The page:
In this age of hype, words like “legendary” are thrown around like confetti on Chinese New Year. However, when it comes to describing the career and influence of Wanda Jackson, the label of “legendary” is unquestionably appropriate. She is one of the few remaining survivors of the first wave of rock and roll. Jackson, along with Carl Perkins, Jerry Lee Lewis, Johnny Cash, and some punk named Elvis Presley, all came from country music backgrounds and brought those “rockabilly” textures into rock music and helped define the emerging new genre.
During the 1950s, Jackson regularly toured with Elvis and the two briefly dated. During this time, she released a string of classic singles such as: “I Gotta Know,” “Fujiyama Mama,” and “Let’s Have A Party.” Although her popularity in the U.S. dwindled later in the sixties, she continued to score hits and remain popular abroad. During the late sixties and throughout the seventies, Jackson shifted towards recording gospel and traditional country music. She returned to rock and rockabilly music during the 1980s.
The twenty-first century finds Wanda Jackson finally getting her due. In addition to being inducted into the Rockabilly Hall of Fame and International Gospel Hall of Fame, Jackson was inducted into the Rock and Roll Hall of Fame in 2009. She collaborated with producer Jack White on 2011’s critically acclaimed The Party Ain’t Over and followed it with 2012’sUnfinished Business. Now in her seventies, her most recent live release Live In Chicago, shows that her fiery country voice can still rock and roll with the best of them. Do not miss your opportunity to catch this genuine legend in action when she returns this Saturday, June 14 to the Beachland Ballroom.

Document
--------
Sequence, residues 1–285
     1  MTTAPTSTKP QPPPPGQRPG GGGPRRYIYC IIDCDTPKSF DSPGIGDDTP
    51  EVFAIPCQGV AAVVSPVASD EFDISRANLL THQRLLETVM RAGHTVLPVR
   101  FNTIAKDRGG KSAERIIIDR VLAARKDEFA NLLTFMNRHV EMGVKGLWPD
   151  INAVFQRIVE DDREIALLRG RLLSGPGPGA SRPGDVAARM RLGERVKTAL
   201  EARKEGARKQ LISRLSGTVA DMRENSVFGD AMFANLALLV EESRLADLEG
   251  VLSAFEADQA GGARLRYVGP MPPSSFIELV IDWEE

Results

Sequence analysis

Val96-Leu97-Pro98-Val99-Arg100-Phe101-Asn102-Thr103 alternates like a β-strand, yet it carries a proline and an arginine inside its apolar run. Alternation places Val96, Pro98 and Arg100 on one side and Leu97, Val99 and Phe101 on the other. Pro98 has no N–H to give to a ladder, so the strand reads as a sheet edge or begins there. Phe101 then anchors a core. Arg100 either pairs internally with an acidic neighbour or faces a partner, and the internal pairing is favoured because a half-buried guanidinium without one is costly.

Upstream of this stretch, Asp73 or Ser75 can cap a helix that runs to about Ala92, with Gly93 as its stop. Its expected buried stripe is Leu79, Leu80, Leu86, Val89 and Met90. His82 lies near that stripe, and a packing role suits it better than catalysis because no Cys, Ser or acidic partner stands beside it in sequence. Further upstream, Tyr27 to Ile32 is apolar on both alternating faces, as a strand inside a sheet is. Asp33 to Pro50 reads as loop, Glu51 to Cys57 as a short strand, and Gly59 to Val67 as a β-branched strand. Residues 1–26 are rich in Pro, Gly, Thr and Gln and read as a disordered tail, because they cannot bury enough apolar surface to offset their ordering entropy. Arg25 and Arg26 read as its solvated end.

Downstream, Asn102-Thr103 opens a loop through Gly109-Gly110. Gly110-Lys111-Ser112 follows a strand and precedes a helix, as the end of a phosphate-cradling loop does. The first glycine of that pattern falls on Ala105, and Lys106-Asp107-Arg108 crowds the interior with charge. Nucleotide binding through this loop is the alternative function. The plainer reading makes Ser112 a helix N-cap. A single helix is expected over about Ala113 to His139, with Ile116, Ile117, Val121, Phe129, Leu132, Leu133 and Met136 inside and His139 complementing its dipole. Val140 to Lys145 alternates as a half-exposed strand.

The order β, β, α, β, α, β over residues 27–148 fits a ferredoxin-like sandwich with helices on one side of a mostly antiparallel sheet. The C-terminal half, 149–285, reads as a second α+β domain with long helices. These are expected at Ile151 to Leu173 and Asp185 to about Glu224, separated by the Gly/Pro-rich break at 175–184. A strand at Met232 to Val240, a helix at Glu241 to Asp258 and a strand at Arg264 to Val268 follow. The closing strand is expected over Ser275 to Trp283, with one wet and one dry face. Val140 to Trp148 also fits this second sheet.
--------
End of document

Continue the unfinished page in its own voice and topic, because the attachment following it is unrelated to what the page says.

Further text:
Tickets are $20 in advance and $25 at the door. Doors open at 7:30pm with the show beginning at 8:30pm. Alan Leatherwood opens with David Loy and the Ramrods. For those of you unfamiliar with her work, check out this Spotifyplaylist that highlights ten Wanda Jackson Essentials.